By Caroline Hart
Originally published on Advocate.com February 12 2014 7:30 AM ET
Back on June 26, my wife, Laurie, and I sat with bated breath watching the live broadcast of the Supreme Court issuing its ruling on section 3 of the Defense of Marriage Act. As the court announced that DOMA was unconstitutional, we just held each other and burst into tears. This was the moment we had been fighting for.
As we were taking in the fantastic news, our lawyer, Verna Polutan, was sitting in the American Immigration Lawyers Association conference in San Francisco. She contacted us immediately, to let us know that we could go ahead and file for a green card.
After seven years of marriage, Laurie was now going to be able to sponsor me as her wife!
We quickly began the application process, and in December we received a confirmation letter saying our green card interview was scheduled for January 7. As you can imagine, we were filled with excitement and a little trepidation as the day approached. The night before, we were buoyed as we received so many messages of support from friends and celebrities from here and abroad who knew how hard we had fought for the repeal of DOMA.
We headed up to the JFK Building in Boston for our interview, armed with mountains of supporting evidence of our relationship. As we waited and I looked up at the Department of Homeland Security plaque on the wall, I couldn’t help but remember how I had felt all those times as I came through the immigration hall in Boston and was sent down for interrogation. Those times I was made to feel like a criminal even though I was legally married in Massachusetts to my American wife, because our marriage license meant nothing to the federal government!
This time was different. The immigration officer who interviewed us couldn’t have been more pleasant. He came out to the waiting room and found us, he introduced himself, and then he asked Laurie to accompany him to the interview room.
“With my heart pounding,” Laurie explains, “not due to the fact that I was nervous but with excitement, I followed the officer. After eight years of fighting for marriage equality, I was now going face-to-face with this officer to answer all the questions of why I want my British wife to be welcomed in my home country. Not knowing what to expect I just kept telling myself, just be you! The officer soon put me at ease and asked, ‘So how did you meet Caroline?’”
Twenty minutes later he was back for me and my 12-year-old son, Leo. After a few minutes of questioning he gave us the wonderful news: I was approved to be a permanent resident of the USA.
As the officer reached out to shake my hand he said, “Welcome to the United States of America.”
It was fantastic! Laurie and I felt a mixture of emotions: relief, shock, and complete happiness that our nightmare was finally over. We no longer had to think about all the “what ifs” every time we traveled or the fear of being separated or worrying that if something happened to my elderly parents in the U.K. and I went there, I wouldn’t be allowed to back into the United States.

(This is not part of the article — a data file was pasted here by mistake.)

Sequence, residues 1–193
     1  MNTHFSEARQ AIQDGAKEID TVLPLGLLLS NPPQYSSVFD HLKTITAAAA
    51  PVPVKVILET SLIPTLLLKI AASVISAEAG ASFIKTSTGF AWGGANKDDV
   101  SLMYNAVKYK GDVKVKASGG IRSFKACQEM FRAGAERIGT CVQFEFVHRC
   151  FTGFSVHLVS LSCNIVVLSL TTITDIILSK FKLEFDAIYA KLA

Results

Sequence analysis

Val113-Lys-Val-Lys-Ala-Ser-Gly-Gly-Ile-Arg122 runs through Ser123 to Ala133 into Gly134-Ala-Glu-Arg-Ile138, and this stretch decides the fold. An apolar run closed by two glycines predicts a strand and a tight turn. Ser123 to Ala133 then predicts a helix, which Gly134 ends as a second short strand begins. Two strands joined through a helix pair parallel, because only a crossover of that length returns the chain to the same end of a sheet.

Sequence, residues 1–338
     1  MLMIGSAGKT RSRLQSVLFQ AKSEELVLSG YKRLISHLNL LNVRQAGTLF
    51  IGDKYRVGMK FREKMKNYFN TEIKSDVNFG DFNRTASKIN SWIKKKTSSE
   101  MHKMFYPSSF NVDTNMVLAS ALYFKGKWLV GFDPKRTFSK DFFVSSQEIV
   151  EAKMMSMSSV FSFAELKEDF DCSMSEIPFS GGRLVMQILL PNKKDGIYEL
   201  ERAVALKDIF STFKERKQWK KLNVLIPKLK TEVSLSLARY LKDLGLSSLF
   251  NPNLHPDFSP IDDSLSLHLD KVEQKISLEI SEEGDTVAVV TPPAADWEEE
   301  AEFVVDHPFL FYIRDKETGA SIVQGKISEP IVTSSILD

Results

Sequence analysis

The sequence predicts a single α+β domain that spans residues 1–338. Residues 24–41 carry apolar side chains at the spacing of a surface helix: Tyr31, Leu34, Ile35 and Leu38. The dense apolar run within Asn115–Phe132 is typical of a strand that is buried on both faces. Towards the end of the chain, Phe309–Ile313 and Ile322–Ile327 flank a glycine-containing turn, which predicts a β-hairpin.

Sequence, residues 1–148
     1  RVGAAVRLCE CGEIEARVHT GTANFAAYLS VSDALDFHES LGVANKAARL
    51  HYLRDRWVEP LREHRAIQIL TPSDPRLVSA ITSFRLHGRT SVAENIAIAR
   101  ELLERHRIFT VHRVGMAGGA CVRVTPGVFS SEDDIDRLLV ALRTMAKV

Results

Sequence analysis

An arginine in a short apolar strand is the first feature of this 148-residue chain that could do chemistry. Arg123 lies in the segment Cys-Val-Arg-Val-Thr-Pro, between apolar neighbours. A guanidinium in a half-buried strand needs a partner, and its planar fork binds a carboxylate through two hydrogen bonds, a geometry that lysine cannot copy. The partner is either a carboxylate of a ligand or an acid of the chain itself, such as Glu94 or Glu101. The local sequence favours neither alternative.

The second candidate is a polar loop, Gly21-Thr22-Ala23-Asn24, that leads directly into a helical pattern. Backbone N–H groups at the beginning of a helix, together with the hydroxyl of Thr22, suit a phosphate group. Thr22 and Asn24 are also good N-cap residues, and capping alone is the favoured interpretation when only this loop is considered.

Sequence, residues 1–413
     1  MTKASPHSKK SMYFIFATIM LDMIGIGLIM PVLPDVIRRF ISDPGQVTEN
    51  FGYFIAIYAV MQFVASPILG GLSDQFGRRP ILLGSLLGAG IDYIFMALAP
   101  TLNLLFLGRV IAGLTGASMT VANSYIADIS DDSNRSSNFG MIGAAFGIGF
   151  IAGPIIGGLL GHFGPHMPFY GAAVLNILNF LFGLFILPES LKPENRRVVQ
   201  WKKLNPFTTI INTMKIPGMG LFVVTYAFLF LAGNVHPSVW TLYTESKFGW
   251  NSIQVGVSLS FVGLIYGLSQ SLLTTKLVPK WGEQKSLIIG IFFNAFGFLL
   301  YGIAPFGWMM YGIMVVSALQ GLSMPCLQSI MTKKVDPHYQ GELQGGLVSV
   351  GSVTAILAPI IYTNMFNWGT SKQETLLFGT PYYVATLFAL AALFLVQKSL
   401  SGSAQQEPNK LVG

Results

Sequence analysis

After we left the interview we immediately contacted our lawyer with the good news, and then our family and friends who had supported us. They were emotional too, as they had fought this fight with us and understood what a huge achievement this was.
Verna says, “Having been Caroline’s attorney these past few years I know the sacrifices made by both her and Laurie, so I am thrilled to know that Caroline finally has her green card.
That night Twitter was alight with wonderful messages from friends and organizations who had followed our journey and wished us congratulations.
We are still reeling. Having worried and worked all these years, it’s hard to actually just accept that we don’t have to worry anymore. But one thing we do know is that we won’t stop fighting until all 50 states grant same-sex couples the right to marry. We know we are lucky, but there are many, many couples still waiting for their day. Sadly, we know from our experience that some people still don’t accept same-sex marriage. We still had messages from haters who are ignorant about equality, but they only make us stronger.
Right now we are enjoying a very new phase of our life together, one where we can actually make plans for our future without the worries of our past. People keep asking us how we feel, and it is hard to truly explain. It’s almost like we are celebrating being married all over again. It is actually said so well in this personal message we received yesterday from Sharon Stone: “It doesn’t matter who you love, it matters THAT you love. Happy Anniversary!”
CAROLINE HART is a photographer and activist. She wrote about her hopes for immigration and marriage equality last year for Advocate.com